One thing that they did mention was taking Celebrex, which is usually used for arthritis but they thought that it could keep the blood flow from the tumors. So, we told the oncologist that and he started Keith on it right away. On March 31st Keith had his 8th laparoscopic surgery in 2 years and everything is still the same as it was back in Oct 2003, small sesame seed size and no new growth. I was sitting in the waiting area with Keith's sister, her husband and 2 of my very good friends who had showed up to lend support. When the surgeon came out and told us that I could not hold in my happiness, I just let out a shout of "YES" It was 2 years ago on March 13th that Keith was diagnosed with this and after reading about this disease on the internet I really did not think that he would be here 2 years later.

I just thank God for getting us to a wonderful oncologist, getting the OK to use the Alimta (I think the Alimta and Carboplatin) really made a difference and for all the wonderful people we have met along the way on this journey we have taken. Keith is on so many peoples prayer lists that, that had to make a huge difference, I just really feel we are truly blessed.

One night Keith was really depressed about this whole thing as it really is hard to live life with something like this hanging over you. I sat down with him and said "Ya know, I try to look at this as having our glass not half empty but half full. Think of this, at the first sign of a problem your Internist sent you straight to the hospital where after 3 days you were diagnosed, not everyone is this lucky. You got a wonderful Oncologist who doesn't have an ego, he is always looking for other avenues of treatment and looking to others for help if need be. Your surgeon is wonderful, you really like him and even though him and your oncologist don't work together the oncologist doesn't want you to switch to someone else because he was the first one to see what was going on inside. We have the support of so many people and we have reconnected with old friends, that is wonderful just by itself. " After this talk Keith seemed to feel better about things, not to say that once in awhile he doesn't get down about things but I think it helped to put things in a better perspective.

On May 24th we are taking a vacation to London England. I decided in Nov of last year that we had always wanted to go there and said to myself, what are we waiting for? So, I booked everything and gave it to Keith for Christmas. He has always wanted to go to England and drink beer in a pub, see the tower of London and go to the flea markets that they have all over. We are getting more excited as the time draws near, I'm getting more nervous as I am not that fond of flying especially over an ocean for 6-7 hours.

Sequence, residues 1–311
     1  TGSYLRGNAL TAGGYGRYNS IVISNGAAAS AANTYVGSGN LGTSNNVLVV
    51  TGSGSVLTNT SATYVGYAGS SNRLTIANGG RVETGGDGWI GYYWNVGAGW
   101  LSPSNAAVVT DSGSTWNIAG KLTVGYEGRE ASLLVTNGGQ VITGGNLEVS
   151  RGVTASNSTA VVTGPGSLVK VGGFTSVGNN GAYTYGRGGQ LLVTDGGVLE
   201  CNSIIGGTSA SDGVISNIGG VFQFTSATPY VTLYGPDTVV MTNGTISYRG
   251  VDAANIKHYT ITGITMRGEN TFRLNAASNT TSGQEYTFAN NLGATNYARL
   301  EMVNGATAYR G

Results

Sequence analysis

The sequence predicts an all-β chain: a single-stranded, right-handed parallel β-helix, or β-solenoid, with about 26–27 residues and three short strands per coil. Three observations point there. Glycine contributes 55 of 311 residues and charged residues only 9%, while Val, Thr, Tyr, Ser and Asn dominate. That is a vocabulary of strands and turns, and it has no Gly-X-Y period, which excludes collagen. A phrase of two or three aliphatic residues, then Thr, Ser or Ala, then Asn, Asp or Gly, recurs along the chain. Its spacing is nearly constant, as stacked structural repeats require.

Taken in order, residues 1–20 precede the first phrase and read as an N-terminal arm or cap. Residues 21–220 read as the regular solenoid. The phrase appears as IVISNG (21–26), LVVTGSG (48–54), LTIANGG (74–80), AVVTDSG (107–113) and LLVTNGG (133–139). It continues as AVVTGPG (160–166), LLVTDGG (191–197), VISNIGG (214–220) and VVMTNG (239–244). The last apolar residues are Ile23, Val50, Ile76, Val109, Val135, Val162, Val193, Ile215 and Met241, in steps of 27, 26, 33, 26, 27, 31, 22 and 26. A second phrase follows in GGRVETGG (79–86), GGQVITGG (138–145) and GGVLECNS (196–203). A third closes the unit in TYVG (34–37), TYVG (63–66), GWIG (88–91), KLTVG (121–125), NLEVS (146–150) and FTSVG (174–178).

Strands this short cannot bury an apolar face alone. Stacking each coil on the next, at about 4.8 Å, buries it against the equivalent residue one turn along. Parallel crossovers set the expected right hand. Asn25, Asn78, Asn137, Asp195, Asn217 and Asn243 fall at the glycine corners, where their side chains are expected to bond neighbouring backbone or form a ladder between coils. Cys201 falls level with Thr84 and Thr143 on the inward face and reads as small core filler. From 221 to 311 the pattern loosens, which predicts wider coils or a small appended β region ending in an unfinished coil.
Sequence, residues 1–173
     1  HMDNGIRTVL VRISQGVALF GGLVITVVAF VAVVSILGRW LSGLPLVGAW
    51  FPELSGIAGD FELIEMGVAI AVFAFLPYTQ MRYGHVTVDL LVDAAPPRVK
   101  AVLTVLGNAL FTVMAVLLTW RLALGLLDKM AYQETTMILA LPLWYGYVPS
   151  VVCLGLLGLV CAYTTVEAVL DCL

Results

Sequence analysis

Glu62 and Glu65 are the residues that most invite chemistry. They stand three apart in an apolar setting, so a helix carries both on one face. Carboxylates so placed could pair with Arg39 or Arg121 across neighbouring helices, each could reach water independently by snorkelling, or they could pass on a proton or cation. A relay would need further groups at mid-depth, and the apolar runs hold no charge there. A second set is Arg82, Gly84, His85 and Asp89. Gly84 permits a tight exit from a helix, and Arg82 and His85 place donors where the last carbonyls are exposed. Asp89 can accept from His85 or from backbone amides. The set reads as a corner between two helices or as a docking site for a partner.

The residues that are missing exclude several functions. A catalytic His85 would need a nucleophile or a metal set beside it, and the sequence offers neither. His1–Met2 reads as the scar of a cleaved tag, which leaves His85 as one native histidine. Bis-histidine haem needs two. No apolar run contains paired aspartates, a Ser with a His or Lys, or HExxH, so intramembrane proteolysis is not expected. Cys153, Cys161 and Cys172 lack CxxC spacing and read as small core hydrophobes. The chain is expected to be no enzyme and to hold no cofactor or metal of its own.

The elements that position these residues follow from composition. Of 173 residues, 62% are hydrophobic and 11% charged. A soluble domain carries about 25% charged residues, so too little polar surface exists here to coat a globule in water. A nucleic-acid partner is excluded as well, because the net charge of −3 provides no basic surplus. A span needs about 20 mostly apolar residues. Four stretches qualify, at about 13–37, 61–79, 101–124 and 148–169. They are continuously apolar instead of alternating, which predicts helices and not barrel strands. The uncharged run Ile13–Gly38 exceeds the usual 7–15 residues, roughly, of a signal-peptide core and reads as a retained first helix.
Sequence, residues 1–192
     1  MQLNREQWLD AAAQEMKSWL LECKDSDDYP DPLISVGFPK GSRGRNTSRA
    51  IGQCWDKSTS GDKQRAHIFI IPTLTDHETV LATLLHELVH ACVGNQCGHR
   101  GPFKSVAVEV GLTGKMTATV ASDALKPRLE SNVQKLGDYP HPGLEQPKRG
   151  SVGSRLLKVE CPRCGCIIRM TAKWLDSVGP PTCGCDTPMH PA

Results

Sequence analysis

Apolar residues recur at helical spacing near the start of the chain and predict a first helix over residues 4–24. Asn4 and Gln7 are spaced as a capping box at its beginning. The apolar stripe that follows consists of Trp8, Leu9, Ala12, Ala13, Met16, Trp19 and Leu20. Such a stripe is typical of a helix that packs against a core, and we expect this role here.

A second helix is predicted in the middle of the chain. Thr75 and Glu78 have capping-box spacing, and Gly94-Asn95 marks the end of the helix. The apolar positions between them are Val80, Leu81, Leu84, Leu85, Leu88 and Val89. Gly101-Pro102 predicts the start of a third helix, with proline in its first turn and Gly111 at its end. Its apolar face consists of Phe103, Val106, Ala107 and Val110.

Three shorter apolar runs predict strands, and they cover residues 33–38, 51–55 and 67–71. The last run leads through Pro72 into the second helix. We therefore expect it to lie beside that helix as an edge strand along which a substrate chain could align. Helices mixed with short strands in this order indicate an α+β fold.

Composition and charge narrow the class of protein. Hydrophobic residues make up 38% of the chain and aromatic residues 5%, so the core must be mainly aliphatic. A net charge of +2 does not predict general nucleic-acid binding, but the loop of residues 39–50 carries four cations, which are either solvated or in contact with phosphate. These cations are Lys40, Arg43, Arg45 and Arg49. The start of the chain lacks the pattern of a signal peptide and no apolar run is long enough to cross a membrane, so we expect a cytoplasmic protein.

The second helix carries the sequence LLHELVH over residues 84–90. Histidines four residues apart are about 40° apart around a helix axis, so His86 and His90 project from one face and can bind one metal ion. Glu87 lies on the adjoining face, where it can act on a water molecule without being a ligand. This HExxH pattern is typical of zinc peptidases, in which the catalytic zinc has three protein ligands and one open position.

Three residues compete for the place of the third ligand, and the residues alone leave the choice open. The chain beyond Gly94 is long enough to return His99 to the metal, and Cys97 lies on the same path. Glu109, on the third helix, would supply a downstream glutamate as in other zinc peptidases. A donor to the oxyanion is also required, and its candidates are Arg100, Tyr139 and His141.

I had a nice time in Washington DC. I did get to meet with Senator Kohl and felt really positive about that meeting. He really seemed to listen to us and asked us questions, I brought up that my main concern was that there was no money for research and that really needed to be addressed. I asked him what was going to happen in 15-20 years when the people of New York City started to show symptoms of this disease because the twin towers were loaded with asbestos. What about the children that live there and the "Heroes" of 911, what will we tell them when they come to our medical centers for help and treatment "Sorry, we didn't think about that?" At that he looked at his assistants and told them to look into that, they all seemed startled about the possibility that the twin towers had asbestos in them. I knew because I read an article in a medical magazine and that Dr.s in that area were quite concerned about this potential problem. Even now people are having problems breathing the air in their buildings because no one has thought about cleaning out the vents and heating/cooling ducts. It is a scary thing that asbestos could be just circulating through the buildings all the time because they have not cleaned the ducts out. Anyway, I had a good time and felt good about the experience and told them if they wanted me to come back another time I would. I know that this fight is probably not over so if I can help I will. Some of the people that Keith works with know Senator Kohl and they all emailed him, some even called him (Keith works for the Milwaukee Jewish Federation). They have been so supportive through out this whole thing.